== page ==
, S Hong Lee, Stephan Ripke, Benjamin M Neale, Stephen V Faraone, Shaun M Purcell, Roy H Perlis, Bryan J Mowry, Anita Thapar, Michael E Goddard, John S Witte, Devin Absher, Ingrid Agartz, Huda Akil, Farooq Amin, Ole A Andreassen, Adebayo Anjorin, Richard Anney, Verneri Anttila, Dan E Arking, Philip Asherson, Maria H Azevedo, Lena Backlund, Judith A Badner, Anthony J Bailey, Tobias Banaschewski, Jack D Barchas, Michael R Barnes, Thomas B Barrett, Nicholas Bass, Agatino Battaglia, Michael Bauer, Mònica Bayés, Frank Bellivier, Sarah E Bergen, Wade Berrettini, Catalina Betancur, Thomas Bettecken, Joseph Biederman, Elisabeth B Binder, Donald W Black, Douglas H R Blackwood, Cinnamon S Bloss, Michael Boehnke, Dorret I Boomsma, Gerome Breen, René Breuer, Richard Bruggeman, Paul Cormican, Nancy G Buccola, Jan K Buitelaar, William E Bunney, Joseph D Buxbaum, William F Byerley, Enda M Byrne, Sian Caesar, Wiepke Cahn, Rita M Cantor, Miguel Casas, Aravinda Chakravarti, Kimberly Chambert, Khalid Choudhury, Sven Cichon, C Robert Cloninger, David A Collier, Edwin H Cook, Hilary Coon, Bru Cormand, Aiden Corvin, William H Coryell, David W Craig, Ian W Craig, Jennifer Crosbie, Michael L Cuccaro, David Curtis, Darina Czamara, Susmita Datta, Geraldine Dawson, Richard Day, Eco J De Geus, Franziska Degenhardt, Srdjan Djurovic, Gary J Donohoe, Alysa E Doyle, Jubao Duan, Frank Dudbridge, Eftichia Duketis, Richard P Ebstein, Howard J Edenberg, Josephine Elia, Sean Ennis, Bruno Etain, Ayman Fanous, Anne E Farmer, I Nicol Ferrier, Matthew Flickinger, Eric Fombonne, Tatiana Foroud, Josef Frank, Barbara Franke, Christine Fraser, Robert Freedman, Nelson B Freimer, Christine M Freitag, Marion Friedl, Louise Frisén, Louise Gallagher, Pablo V Gejman, Lyudmila Georgieva, Elliot S Gershon, Daniel H Geschwind, Ina Giegling, Michael Gill, Scott D Gordon, Katherine Gordon-Smith, Elaine K Green, Tiffany A Greenwood, Dorothy E Grice, Magdalena Gross, Detelina Grozeva, Weihua Guan, Hugh Gurling, Lieuwe de Haan, Jonathan L Haines, Hakon Hakonarson, Joachim Hallmayer, Steven P Hamilton, Marian L Hamshere, Thomas F Hansen, Annette M Hartmann, Martin Hautzinger, Andrew C Heath, Anjali K Henders, Stefan Herms, Ian B Hickie, Maria Hipolito, Susanne Hoefels, Peter A Holmans, Florian Holsboer, Witte J Hoogendijk, Jouke-Jan Hottenga, Christina M Hultman, Vanessa Hus, Andrés Ingason, Marcus Ising, Stéphane Jamain, Edward G Jones, Ian Jones, Lisa Jones, Jung-Ying Tzeng, Anna K Kähler, René S Kahn, Radhika Kandaswamy, Matthew C Keller, James L Kennedy, Elaine Kenny, Lindsey Kent, Yunjung Kim, George K Kirov, Sabine M Klauck, Lambertus Klei, James A Knowles, Martin A Kohli, Daniel L Koller, Bettina Konte, Ania Korszun, Lydia Krabbendam, Robert Krasucki, Jonna Kuntsi, Phoenix Kwan, Mikael Landén, Niklas Långström, Mark Lathrop, Jacob Lawrence, William B Lawson, Marion Leboyer, David H Ledbetter, Phil H Lee, Todd Lencz, Klaus-Peter Lesch, Douglas F Levinson, Cathryn M Lewis, Jun Li, Paul Lichtenstein, Jeffrey A Lieberman, Dan-Yu Lin, Don H Linszen, Chunyu Liu, Falk W Lohoff, Sandra K Loo, Catherine Lord, Jennifer K Lowe, Susanne Lucae, Donald J MacIntyre, Pamela A F Madden, Elena Maestrini, Patrik K E Magnusson, Pamela B Mahon, Wolfgang Maier, Anil K Malhotra, Shrikant M Mane, Christa L Martin, Nicholas G Martin, Manuel Mattheisen, Keith Matthews, Morten Mattingsdal, Steven A McCarroll, Kevin A McGhee, James J McGough, Patrick J McGrath, Peter McGuffin, Melvin G McInnis, Andrew McIntosh, Rebecca McKinney, Alan W McLean, Francis J McMahon, William M McMahon, Andrew McQuillin, Helena Medeiros, Sarah E Medland, Sandra Meier, Ingrid Melle, Fan Meng, Jobst Meyer, Christel M Middeldorp, Lefkos Middleton, Vihra Milanova, Ana Miranda, Anthony P Monaco, Grant W Montgomery, Jennifer L Moran, Daniel Moreno-De-Luca, Gunnar Morken, Derek W Morris, Eric M Morrow, Valentina Moskvina, Pierandrea Muglia, Thomas W Mühleisen, Walter J Muir, Bertram Müller-Myhsok, Michael Murtha, Richard M Myers, Inez Myin-Germeys, Michael C Neale, Stan F Nelson, Caroline M Nievergelt, Ivan Nikolov, Vishwajit Nimgaonkar, Willem A Nolen, Markus M Nöthen, John I Nurnberger, Evaristus A Nwulia, Dale R Nyholt, Colm O'Dushlaine, Robert D Oades, Ann Olincy, Guiomar Oliveira, Line Olsen, Roel A Ophoff, Urban Osby, Michael J Owen, Aarno Palotie, Jeremy R Parr, Andrew D Paterson, Carlos N Pato, Michele T Pato, Brenda W Penninx, Michele L Pergadia, Margaret A Pericak-Vance, Benjamin S Pickard, Jonathan Pimm, Joseph Piven, Danielle Posthuma, James B Potash, Fritz Poustka, Peter Propping, Vinay Puri, Digby J Quested, Emma M Quinn, Josep Antoni Ramos-Quiroga, Henrik B Rasmussen, Soumya Raychaudhuri, Karola Rehnström, Andreas Reif, Marta Ribasés, John P Rice, Marcella Rietschel, Kathryn Roeder, Herbert Roeyers, Lizzy Rossin, Aribert Rothenberger, Guy Rouleau, Douglas Ruderfer, Dan Rujescu, Alan R Sanders, Stephan J Sanders, Susan L Santangelo, Joseph A Sergeant, Russell Schachar, Martin Schalling, Alan F Schatzberg, William A Scheftner, Gerard D Schellenberg, Stephen W Scherer, Nicholas J Schork, Thomas G Schulze, Johannes Schumacher, Markus Schwarz, Edward Scolnick, Laura J Scott, Jianxin Shi, Paul D Shilling, Stanley I Shyn, Jeremy M Silverman, Susan L Slager, Susan L Smalley, Johannes H Smit, Erin N Smith, Edmund J S Sonuga-Barke, David St Clair, Matthew State, Michael Steffens, Hans-Christoph Steinhausen, John S Strauss, Jana Strohmaier, T Scott Stroup, James S Sutcliffe, Peter Szatmari, Szabocls Szelinger, Srinivasa Thirumalai, Robert C Thompson, Alexandre A Todorov, Federica Tozzi, Jens Treutlein, Manfred Uhr, Edwin J C G van den Oord, Gerard van Grootheest, Jim van Os, Astrid M Vicente, Veronica J Vieland, John B Vincent, Peter M Visscher, Christopher A Walsh, Thomas H Wassink, Stanley J Watson, Myrna M Weissman, Thomas Werge, Thomas F Wienker, Ellen M Wijsman, Gonneke Willemsen, Nigel Williams, A Jeremy Willsey, Stephanie H Witt, Wei Xu, Allan H Young, Timothy W Yu, Stanley Zammit, Peter P Zandi, Peng Zhang, Frans G Zitman, Sebastian Zöllner, Bernie Devlin, John R Kelsoe, Pamela Sklar, Mark J Daly, Michael C O'Donovan, Nicholas Craddock, Patrick F Sullivan, Jordan W Smoller, Kenneth S Kendler, Naomi R Wray.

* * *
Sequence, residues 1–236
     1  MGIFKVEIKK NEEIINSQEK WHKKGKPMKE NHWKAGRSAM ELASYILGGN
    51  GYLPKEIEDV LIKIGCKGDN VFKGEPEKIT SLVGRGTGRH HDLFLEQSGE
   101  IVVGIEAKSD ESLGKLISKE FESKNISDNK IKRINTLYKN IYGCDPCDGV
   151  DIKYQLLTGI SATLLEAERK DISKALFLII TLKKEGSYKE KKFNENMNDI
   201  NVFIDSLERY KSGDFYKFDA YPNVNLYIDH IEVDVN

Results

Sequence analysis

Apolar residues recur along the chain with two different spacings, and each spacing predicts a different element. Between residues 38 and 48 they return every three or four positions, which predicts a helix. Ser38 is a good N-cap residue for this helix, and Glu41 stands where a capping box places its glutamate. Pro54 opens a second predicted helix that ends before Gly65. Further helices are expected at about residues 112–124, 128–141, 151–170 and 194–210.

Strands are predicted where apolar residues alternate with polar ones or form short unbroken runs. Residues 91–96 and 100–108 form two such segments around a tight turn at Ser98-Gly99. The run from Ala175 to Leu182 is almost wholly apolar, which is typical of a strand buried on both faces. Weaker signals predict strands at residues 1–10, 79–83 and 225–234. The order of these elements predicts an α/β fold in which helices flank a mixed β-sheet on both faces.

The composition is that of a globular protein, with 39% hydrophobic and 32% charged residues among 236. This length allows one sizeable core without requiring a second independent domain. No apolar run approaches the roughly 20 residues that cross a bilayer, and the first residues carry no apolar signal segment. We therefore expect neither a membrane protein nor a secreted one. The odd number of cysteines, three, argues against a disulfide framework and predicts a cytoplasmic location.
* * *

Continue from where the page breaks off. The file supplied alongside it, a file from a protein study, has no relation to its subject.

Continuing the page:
Nat. Genet.